If in ten thousand years a future civilization or intelligent life form discovers the ruins of Western Civilization, I hope they find this lens, the Nikon EL-Nikkor 50mm f/2.8. I would think that this humble little lens would show them the elegance in precision manufacturing, clean functional design, and a masterful optical achievement, all housed in a durable, no nonsense package devoid of marketing fluff. As a future artifact it would give further clues about our world. The rare earth materials in the coatings and optical elements would probably allow an accurate dating of how long since this was crafted. The language symbols written in clear distinctive letting, with the brand name and the declaration of the location of its creation. The numbers engraved into the aluminum barrel; the optical formula offered as mathematical proof of the complex set of curves finely cut into beautiful glass. This lens would show just far along our civilization got to this point.
Cali, the house cat.
Shot with a D3 and the EL-Nikkor 50mm f/2.8 freelensed, that is, no adapter used, I just held the lens in front of the open body. I don’t recommend this technique.
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By popular request, more from the Nikon Nikkor 300mm f/2. Apparently Nikon only made 441 actual lenses, and this lens was the very first one I’ve ever actually seen after 20 years of shooting Nikon. To say I was thrilled to even touch it would be an understatement.
Shot at 2.8 the plane of focus was razor thin, however the smooth bokeh and gentle transition off of the razor’s edge seemed to give quite a bit of leeway if the focus was a touch off. I’m certain this attribute was helpful in the film era, giving photographers and editors the ability to pull a salvageable image of an important event.
This lens also had a unique look in bright light versus a slightly diffused light, with a sparkle and highly saturated colors. I also found the lens to be ever so slightly warm, almost as if some the elements had a bit of yellowing, perhaps from the radioactive decay from thorium in the glass melt. Given that the warmth of the images from the 300 f/2 was very similar to my radioactive Nikkor 35mm f/1.4 N.C and the absolutely insane weight of this lens, I think Nikon has some very heavy rare glass in each of these lenses.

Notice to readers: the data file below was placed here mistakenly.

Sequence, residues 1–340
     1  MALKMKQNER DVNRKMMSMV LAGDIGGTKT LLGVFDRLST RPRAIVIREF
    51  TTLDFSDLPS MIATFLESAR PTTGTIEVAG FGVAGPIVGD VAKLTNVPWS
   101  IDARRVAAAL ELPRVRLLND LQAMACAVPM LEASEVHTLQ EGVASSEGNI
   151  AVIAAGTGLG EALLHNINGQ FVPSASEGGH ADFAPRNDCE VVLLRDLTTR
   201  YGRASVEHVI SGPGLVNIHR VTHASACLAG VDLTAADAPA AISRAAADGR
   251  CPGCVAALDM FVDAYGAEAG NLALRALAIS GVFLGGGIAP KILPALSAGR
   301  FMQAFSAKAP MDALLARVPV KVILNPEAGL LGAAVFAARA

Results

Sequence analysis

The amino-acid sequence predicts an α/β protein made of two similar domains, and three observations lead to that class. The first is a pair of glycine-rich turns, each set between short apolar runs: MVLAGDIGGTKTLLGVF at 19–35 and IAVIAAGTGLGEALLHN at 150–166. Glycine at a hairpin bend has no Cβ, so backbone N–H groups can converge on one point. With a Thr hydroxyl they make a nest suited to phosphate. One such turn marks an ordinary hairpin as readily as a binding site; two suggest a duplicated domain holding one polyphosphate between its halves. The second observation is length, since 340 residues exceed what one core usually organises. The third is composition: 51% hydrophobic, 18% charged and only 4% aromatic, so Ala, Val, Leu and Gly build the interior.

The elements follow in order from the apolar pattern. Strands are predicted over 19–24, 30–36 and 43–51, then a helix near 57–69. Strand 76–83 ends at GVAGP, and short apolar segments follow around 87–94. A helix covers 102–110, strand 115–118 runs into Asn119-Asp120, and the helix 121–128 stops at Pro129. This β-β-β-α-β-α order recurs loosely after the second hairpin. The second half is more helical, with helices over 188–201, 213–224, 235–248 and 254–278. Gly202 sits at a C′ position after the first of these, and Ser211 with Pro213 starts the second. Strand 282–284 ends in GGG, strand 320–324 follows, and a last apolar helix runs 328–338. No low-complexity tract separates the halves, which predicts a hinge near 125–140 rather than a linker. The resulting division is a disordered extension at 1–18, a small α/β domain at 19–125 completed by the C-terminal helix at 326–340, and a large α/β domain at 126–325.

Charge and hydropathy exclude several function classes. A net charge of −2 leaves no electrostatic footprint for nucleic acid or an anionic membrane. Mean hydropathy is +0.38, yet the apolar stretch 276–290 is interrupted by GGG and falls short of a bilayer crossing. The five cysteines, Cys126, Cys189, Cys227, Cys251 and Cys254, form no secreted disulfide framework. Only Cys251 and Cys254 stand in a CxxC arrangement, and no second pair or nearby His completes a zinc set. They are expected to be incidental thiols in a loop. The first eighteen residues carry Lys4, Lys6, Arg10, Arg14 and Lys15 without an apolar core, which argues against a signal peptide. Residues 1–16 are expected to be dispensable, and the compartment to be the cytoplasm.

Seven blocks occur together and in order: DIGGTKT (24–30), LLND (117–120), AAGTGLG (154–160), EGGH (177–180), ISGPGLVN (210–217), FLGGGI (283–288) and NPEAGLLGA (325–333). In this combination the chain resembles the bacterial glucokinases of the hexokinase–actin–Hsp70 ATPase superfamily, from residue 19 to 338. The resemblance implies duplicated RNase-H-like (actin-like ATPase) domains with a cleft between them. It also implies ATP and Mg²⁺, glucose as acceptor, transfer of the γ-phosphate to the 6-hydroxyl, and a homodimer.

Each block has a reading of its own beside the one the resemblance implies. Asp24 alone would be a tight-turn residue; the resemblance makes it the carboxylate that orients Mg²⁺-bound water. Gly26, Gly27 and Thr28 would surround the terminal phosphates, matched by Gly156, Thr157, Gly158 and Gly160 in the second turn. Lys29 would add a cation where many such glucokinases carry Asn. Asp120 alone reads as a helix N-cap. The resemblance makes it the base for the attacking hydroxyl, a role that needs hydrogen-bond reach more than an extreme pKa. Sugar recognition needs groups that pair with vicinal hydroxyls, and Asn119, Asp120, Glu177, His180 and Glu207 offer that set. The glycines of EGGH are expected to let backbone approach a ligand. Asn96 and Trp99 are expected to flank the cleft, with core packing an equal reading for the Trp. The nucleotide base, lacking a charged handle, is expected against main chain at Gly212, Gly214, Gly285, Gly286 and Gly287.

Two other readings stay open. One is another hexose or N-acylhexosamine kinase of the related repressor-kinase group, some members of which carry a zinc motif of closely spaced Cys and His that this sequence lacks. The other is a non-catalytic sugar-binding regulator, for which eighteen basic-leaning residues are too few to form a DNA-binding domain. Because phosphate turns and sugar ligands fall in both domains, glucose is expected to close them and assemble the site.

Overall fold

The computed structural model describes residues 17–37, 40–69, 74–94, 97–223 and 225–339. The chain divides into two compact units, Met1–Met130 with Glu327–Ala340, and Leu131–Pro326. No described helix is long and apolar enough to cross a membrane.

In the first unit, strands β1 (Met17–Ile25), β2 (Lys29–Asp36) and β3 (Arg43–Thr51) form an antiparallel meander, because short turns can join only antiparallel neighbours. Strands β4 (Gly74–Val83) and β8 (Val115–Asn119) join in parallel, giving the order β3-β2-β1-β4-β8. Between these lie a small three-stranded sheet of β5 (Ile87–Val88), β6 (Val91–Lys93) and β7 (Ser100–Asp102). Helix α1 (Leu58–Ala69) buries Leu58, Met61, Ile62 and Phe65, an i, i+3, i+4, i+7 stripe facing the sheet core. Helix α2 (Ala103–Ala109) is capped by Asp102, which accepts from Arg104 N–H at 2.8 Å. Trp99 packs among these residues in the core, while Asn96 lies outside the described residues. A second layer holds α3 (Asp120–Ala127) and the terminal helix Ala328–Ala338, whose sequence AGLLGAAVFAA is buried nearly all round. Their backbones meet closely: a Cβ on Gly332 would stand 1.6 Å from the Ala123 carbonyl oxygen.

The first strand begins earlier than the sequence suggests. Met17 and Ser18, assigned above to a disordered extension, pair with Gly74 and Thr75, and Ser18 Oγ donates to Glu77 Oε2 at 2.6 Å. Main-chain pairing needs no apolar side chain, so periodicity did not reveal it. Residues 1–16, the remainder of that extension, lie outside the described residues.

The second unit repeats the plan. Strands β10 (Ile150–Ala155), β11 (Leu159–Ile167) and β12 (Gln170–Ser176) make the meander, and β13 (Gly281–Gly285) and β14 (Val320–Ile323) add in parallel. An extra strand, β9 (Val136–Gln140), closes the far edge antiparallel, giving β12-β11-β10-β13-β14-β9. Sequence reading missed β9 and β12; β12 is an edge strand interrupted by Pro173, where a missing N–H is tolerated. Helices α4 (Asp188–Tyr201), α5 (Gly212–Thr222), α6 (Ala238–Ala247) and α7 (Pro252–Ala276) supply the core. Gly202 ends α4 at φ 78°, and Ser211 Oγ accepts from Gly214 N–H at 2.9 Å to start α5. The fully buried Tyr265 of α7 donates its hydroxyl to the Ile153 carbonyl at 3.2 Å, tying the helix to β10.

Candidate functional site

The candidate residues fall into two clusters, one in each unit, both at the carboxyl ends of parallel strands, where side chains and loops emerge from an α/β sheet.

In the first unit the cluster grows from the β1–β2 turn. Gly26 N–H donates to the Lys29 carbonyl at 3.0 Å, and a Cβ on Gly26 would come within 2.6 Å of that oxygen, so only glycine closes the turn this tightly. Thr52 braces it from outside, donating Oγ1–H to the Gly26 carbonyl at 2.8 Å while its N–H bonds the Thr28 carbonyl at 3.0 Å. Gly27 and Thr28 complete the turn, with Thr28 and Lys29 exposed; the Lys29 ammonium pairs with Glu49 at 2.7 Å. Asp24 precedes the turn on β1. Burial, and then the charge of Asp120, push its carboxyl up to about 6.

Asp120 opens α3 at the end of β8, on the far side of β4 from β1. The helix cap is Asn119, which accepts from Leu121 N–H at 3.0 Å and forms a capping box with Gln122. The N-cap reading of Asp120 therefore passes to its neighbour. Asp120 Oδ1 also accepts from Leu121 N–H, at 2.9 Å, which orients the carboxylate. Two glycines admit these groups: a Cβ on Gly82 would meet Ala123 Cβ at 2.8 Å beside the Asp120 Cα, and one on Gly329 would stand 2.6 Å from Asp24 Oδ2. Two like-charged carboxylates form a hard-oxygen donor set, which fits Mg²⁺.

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I have no idea exactly what this means, but I have a few spacey ideas.
Full moon-bow; trees and signal tower. Nikon D3 and 24mm Nikkor lens.
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That’s me behind the rare and ultra fantastic Nikon Nikkor 300mm f/2 ED-IF. Yes the lens is very large and very heavy and very fast for the focal length. This shot by Josh at Hawaii Photo Rental, where for a time this unbelievable lens was a rental.
That’s the famous Dallas Nagata White about to have her Canon engulfed by the massive HE-1 hood extension.
What a lens. Shot at ISO 640 on a Nikon D3s at f/2.8 at 1/40th. That’s my buddy Danny on the left, shot at Tonngs in the rapidly fading light.
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Tags: Nikon Nikkor 300mm f/2 ED-IF
The night sky in Tasmania, thirty minutes and 3 seconds into the New Year.
Nikon D3 35mm lens, super slow and low; those dim house lights are miles away. Tasmania is one of the last places with very low light pollution of the night sky.
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People ask me often about my views on digital photography. Here are a few thoughts on the subject.
Digital Photography Makes A Lot Of Stuff. Each time you get a new camera you should get at least 2 new hard drives. Use one for backup. In fact, just go ahead and make a third backup Just In Case. Try to make the camera do more of the work. Examine if you can see the difference in small changes, and if you find they matter to you, be sure to shoot in that manner as often as possible. Make notes as you go; its easy to forget which 50mm lens you used when you have more than one.
The above photo is of Rosa, in the back paddock near Hobart Tasmania. Shot with a digital camera; a Nikon D3 with an old Nikon 50mm S.C f/1.4 and through the magic of digital wizardry, made to look like I shot it in 1988.
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Tags: Nikon 50mm S.C f/1.4, Nikon D3